November 2, 2021
A U.S. congressman has requested FDA answer several questions regarding the agency’s “sudden change of policy” outlined in 2020 warning letters to dietary supplement firms marketing NAC (N-acetyl-L-cysteine) in their products.
This is at least the second letter this year from a U.S. lawmaker to FDA regarding NAC. FDA said in 2020 warning letters that NAC cannot be marketed in supplements because it was first approved as a drug in 1963, drawing criticism from the dietary supplement industry.
The ingredient has been marketed in supplements since at least the 1990s before passage of the Dietary Supplement Health and Education Act of 1994 (DSHEA), according to records submitted to FDA by the American Herbal Products Association (AHPA), as part of its support for two citizen petitions submitted by the Council for Responsible Nutrition (CRN) and Natural Products Association (NPA).
“Does the FDA believe the intent of DSHEA is to remove products that were safely on the market prior to 1994?” Rep. Jeff Duncan (R-S.C.) asked FDA Acting Commissioner Janet Woodcock in a letter dated Oct. 28.
Duncan represents a state that is home to several notable dietary supplement operations, including International Vitamin Corp.
In the four-page letter, the congressman demanded several answers pertaining to NAC, including, among other things:
- The number of structure/function claims and new dietary ingredient (NDI) notifications for NAC products submitted to FDA;
- How FDA reconciles inconsistencies in how it classified NAC in a review of a qualified health claim application and the 2020 warning letters; and
- The specific date FDA identified NAC as being used in the U.S. as both a drug and dietary supplement.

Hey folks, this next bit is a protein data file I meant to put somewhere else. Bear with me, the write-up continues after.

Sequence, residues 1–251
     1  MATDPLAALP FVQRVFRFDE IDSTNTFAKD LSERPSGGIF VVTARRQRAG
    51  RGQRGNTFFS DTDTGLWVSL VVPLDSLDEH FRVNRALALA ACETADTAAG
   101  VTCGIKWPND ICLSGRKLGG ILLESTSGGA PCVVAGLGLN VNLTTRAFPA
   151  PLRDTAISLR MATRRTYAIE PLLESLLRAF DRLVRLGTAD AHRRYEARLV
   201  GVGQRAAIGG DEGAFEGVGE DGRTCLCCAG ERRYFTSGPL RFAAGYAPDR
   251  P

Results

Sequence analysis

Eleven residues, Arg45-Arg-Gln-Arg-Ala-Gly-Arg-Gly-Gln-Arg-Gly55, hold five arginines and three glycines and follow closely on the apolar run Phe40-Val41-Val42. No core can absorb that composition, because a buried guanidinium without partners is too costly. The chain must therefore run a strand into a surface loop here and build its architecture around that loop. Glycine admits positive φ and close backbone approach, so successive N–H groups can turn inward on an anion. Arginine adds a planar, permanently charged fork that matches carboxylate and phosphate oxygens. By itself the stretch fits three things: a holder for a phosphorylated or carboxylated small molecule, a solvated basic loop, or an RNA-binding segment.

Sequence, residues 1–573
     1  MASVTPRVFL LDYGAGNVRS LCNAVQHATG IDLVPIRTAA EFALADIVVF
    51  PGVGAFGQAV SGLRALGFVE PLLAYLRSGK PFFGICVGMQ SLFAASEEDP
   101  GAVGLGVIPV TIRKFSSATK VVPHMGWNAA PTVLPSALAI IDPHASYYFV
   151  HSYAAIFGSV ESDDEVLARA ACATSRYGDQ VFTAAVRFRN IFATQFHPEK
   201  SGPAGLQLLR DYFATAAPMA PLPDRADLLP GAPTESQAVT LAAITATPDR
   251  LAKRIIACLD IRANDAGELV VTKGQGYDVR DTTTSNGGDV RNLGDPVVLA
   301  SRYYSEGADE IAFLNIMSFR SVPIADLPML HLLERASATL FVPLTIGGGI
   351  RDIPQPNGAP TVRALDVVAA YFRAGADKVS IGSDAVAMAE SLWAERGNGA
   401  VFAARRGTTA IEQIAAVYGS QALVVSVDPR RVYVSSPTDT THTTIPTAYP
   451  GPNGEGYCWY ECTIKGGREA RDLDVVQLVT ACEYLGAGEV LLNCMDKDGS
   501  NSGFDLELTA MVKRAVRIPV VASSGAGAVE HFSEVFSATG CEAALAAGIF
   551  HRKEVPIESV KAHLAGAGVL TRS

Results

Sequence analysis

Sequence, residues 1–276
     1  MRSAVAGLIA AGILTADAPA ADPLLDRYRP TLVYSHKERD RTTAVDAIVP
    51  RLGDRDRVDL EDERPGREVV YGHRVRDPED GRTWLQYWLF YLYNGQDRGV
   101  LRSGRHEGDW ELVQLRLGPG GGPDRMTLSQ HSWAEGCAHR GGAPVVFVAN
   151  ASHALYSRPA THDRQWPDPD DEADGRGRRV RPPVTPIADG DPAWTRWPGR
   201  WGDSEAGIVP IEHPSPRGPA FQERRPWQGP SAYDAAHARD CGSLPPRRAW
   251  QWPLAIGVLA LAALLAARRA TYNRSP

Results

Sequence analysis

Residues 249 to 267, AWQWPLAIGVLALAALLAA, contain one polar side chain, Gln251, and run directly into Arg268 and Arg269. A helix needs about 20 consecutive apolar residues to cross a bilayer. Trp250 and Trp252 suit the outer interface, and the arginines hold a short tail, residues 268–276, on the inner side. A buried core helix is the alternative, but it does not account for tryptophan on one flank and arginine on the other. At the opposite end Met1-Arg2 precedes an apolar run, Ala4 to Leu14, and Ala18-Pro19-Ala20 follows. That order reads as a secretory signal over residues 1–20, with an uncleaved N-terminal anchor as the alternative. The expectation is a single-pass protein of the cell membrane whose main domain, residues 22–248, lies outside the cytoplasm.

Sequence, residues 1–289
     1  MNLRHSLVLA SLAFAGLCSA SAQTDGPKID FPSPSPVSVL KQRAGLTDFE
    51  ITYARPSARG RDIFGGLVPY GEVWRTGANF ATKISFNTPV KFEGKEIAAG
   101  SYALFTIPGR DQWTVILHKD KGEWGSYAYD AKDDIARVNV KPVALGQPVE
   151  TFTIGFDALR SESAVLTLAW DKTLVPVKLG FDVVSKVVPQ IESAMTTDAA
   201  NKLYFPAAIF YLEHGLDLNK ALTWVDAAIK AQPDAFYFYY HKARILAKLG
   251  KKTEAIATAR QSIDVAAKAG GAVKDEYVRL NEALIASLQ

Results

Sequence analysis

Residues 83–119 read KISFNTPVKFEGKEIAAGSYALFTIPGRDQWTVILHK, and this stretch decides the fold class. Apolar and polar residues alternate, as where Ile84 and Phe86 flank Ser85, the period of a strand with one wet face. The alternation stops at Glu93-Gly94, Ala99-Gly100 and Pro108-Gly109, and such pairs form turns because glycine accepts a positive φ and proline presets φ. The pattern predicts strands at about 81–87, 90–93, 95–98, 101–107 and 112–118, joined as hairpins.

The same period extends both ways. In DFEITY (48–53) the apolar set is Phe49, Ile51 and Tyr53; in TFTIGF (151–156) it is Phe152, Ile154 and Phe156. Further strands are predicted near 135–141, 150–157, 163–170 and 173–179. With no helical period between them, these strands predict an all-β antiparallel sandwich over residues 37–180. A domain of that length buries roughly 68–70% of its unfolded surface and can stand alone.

An FDA spokesperson said the agency has received the letter and will respond directly to the congressman.
Duncan’s letter was not limited to NAC. He also demanded answers related to whether FDA is effectively using its authority to ensure dietary supplement products entering the U.S. from places like China are safe and compliant with the law.
And while FDA is seeking new authority to require dietary supplement products be listed with the agency, Duncan noted “FDA already has access to essential information about products,” such as a Dietary Supplement Label Database maintained by the National Institutes of Health. According to several industry sources, Sen. Dick Durbin (D-Ill.) is working on draft legislation to require mandatory listing of dietary supplement products with FDA.
NAC “has been used as an ingredient in dietary supplements for three decades,” a spokesperson from Duncan’s office said in an email to Natural Products Insider. “Unfortunately, this is yet again another example of FDA inconsistently interpreting DSHEA. The industry plays a significant role in the congressman’s district, and he wants to understand why the FDA is targeting NAC while failing to address the crisis of adulterated products entering the United States from China.”
Duncan referenced, for instance, a request to FDA by Natural Alternatives International Inc. (NAI) to take enforcement action against adulterated forms of beta-alanine. This topic was the subject of a four-part series of articles by Natural Products Insider and a follow-up story reporting on FDA’s denial of NAI’s request.
“How has the FDA determined that Chinese imported beta-alanine is not only safe but not violating U.S. law?” Duncan asked Woodcock.
Dan Fabricant, president and CEO of NPA, suggested FDA’s purported failure to effectively use its current authorities is resonating with some lawmakers.
“You have an executive branch agency that is effectively going, ‘Oh no, I don’t like that part of the law. I’m not going to do anything here, but I’d really like to have some new authority.’ And I think that’s how it appears to members of Congress,” Fabricant said in an interview.
“There’s so many holes right now, and instead of addressing those holes with the authority [FDA officials] do have, they’re going to talk about new authority?” asked Fabricant, who previously oversaw FDA’s Division of Dietary Supplement Programs. “It’s bad policy flat-out, and I think lawmakers see that.”
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